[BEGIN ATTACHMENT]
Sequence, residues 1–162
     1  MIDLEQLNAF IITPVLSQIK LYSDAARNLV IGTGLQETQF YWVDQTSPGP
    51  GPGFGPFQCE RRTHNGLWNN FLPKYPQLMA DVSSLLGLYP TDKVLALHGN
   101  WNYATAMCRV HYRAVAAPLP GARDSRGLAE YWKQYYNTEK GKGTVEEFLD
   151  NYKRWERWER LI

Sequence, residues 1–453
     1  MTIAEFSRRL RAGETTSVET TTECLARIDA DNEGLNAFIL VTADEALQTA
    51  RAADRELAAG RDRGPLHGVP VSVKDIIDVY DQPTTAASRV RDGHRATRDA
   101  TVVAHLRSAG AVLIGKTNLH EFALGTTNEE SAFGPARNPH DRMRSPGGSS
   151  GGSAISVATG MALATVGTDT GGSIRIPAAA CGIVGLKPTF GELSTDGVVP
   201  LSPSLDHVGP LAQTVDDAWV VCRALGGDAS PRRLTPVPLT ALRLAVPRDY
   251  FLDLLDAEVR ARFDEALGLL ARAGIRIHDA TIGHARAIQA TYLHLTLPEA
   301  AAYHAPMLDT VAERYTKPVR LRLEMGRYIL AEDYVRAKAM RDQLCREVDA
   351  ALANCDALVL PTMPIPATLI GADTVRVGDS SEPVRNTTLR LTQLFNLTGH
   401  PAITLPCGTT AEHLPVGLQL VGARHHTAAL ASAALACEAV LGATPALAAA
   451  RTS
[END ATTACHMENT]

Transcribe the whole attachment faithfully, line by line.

Sequence, residues 1–162
     1  MIDLEQLNAF IITPVLSQIK LYSDAARNLV IGTGLQETQF YWVDQTSPGP
    51  GPGFGPFQCE RRTHNGLWNN FLPKYPQLMA DVSSLLGLYP TDKVLALHGN
   101  WNYATAMCRV HYRAVAAPLP GARDSRGLAE YWKQYYNTEK GKGTVEEFLD
   151  NYKRWERWER LI

Sequence, residues 1–453
     1  MTIAEFSRRL RAGETTSVET TTECLARIDA DNEGLNAFIL VTADEALQTA
    51  RAADRELAAG RDRGPLHGVP VSVKDIIDVY DQPTTAASRV RDGHRATRDA
   101  TVVAHLRSAG AVLIGKTNLH EFALGTTNEE SAFGPARNPH DRMRSPGGSS
   151  GGSAISVATG MALATVGTDT GGSIRIPAAA CGIVGLKPTF GELSTDGVVP
   201  LSPSLDHVGP LAQTVDDAWV VCRALGGDAS PRRLTPVPLT ALRLAVPRDY
   251  FLDLLDAEVR ARFDEALGLL ARAGIRIHDA TIGHARAIQA TYLHLTLPEA
   301  AAYHAPMLDT VAERYTKPVR LRLEMGRYIL AEDYVRAKAM RDQLCREVDA
   351  ALANCDALVL PTMPIPATLI GADTVRVGDS SEPVRNTTLR LTQLFNLTGH
   401  PAITLPCGTT AEHLPVGLQL VGARHHTAAL ASAALACEAV LGATPALAAA
   451  RTS